Paper ID: | 1288 |
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Title: | Measuring the reliability of MCMC inference with bidirectional Monte Carlo |

This paper proposes using bidirectional Monte Carlo to estimate the J-S divergence between an MCMC sampler and the target distribution of interest, with a particular eye towards debugging and evaluating MCMC implementations in PPLs.

I like the idea of using BDMC to diagnose failures of a sampler to converge—this idea seems potentially quite useful since existing MCMC diagnostics are indeed problematic. Two very relevant references are [1,2], which also test the ability of MCMC samplers by running them on data sampled from the prior. Section 3.1: I found this derivation very hard to follow. For one thing, q(.) is used before it's defined. From context, it seems that it represents the marginal distribution of the AIS sampler after T steps, but that should be made explicit. Things are slightly clearer if one reads the supplement, but the reader shouldn't need to read the supplement to understand the main text. In general, it would be nice to have a clear statement of how to apply the method from start to finish somewhere—the reader has to piece this together a bit. Minor notes: It's a little cluttered to break the unobserved variables into z and theta, when in a general setting like this there is no difference between z and theta---they always appear together, so why not eliminate z or theta? Line 165: missing close parentheses. [1] Geweke, J. (2004). Getting it right: Joint distribution tests of posterior simulators. Journal of the American Statistical Association, 99(467), 799–804. http://doi.org/10.1198/016214504000001132 [2] Cook, S. R., Gelman, A., & Rubin, D. B. (2012). Validation of software for Bayesian models using posterior quantiles. Journal of Computational and Graphical Statistics, 15(3), 675–692. http://doi.org/10.1198/106186006X136976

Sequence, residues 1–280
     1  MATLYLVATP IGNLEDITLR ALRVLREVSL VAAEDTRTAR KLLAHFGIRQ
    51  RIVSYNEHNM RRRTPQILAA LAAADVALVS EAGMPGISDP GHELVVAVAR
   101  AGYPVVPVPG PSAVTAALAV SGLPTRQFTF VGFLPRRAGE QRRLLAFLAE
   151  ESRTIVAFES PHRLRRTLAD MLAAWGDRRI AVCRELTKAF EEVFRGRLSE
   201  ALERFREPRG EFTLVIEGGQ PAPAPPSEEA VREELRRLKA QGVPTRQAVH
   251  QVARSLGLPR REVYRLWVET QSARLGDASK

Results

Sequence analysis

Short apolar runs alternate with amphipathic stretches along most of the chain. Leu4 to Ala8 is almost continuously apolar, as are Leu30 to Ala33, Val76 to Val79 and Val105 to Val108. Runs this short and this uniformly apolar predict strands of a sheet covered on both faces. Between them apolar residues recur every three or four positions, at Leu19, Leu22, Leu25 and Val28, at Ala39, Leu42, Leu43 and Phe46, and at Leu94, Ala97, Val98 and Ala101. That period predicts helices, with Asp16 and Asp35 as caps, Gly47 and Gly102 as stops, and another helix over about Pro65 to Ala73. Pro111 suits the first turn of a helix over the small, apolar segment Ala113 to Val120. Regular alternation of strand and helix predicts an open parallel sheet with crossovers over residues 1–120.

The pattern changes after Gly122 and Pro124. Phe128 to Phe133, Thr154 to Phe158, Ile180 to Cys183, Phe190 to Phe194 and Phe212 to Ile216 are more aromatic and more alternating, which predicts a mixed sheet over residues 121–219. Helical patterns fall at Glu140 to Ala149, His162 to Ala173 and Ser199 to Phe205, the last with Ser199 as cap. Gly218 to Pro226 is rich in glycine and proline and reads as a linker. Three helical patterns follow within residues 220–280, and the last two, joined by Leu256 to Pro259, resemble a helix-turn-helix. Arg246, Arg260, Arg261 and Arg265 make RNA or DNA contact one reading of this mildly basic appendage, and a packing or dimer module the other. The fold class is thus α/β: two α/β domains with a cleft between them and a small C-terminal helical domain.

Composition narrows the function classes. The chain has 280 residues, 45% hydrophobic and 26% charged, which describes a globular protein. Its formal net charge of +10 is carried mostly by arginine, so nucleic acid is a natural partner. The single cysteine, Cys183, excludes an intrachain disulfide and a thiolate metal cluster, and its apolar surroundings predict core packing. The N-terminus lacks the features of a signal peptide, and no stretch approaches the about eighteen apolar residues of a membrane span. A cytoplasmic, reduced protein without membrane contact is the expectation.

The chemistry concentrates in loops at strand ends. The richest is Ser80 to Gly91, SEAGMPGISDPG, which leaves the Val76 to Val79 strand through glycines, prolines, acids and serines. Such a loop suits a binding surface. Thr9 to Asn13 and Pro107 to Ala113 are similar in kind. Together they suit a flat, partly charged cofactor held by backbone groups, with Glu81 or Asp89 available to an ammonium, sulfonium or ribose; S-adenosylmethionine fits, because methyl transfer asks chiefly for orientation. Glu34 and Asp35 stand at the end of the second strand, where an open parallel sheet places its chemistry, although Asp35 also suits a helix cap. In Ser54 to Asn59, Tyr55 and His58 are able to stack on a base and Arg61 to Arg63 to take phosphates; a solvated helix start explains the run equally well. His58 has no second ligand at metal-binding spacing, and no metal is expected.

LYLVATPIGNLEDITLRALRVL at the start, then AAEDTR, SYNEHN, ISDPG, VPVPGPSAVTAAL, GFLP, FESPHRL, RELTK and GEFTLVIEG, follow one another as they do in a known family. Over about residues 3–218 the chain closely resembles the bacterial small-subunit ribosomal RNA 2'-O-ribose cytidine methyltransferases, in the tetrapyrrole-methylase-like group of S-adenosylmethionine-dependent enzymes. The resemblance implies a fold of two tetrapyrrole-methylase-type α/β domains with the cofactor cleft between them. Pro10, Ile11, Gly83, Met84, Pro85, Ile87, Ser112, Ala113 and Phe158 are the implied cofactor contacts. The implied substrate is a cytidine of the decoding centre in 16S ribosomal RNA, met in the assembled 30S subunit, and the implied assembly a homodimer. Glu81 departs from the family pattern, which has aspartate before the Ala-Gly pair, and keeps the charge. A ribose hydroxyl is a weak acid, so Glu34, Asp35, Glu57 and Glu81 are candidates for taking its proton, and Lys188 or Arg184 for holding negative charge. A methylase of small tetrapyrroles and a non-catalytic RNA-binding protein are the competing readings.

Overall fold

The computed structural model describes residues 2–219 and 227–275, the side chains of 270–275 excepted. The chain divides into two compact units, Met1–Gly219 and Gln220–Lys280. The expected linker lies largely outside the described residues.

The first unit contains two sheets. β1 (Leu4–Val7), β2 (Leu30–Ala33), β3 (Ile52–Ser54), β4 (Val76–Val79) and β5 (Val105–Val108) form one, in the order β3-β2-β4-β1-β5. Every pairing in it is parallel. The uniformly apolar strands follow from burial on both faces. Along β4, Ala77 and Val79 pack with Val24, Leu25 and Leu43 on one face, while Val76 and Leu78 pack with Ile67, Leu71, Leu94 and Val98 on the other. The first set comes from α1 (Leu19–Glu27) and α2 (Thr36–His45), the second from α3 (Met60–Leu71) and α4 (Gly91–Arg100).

2-Confident (read it all; understood it all reasonably well)

This paper uses the recent bidirectioanl Monte Carlo to evaluate MCMC-based posterior inference methods. The authors analyze lower bounds of KL-divergence between the true posterior and the approximate distribution. The method is integrated into WebPPL and Stan.

Overall, this is a nice paper. The authors use a recent art, i.e., bidirectioanl Monte Carlo, to analyze the MCMC-based posterior inference. This is a hot problem and the idea is interesing. I recommend to accept this paper.

2-Confident (read it all; understood it all reasonably well)

The authors propose a generic method for evaluation of MCMC transition operators based on a recently proposed method known as bidirectional Monte Carlo (BDMC). The BDMC method performs two annealed importance sampling (AIS) sweeps, which are essentially the same as those used in the Tempered Transitions (TT) method [Neal Stat & Comp 1996], but reinterprets the accumulated probabilities as a lower and upper bound on the marginal likelihood. This paper proposes to use the gap between these two bounds as a generic performance measure for MCMC transition operators. The presented technical contributions are implementations of BDMC for the Stan and WebPPL probabilistic programming systems, and a protocol for evaluation of quality of posterior inference.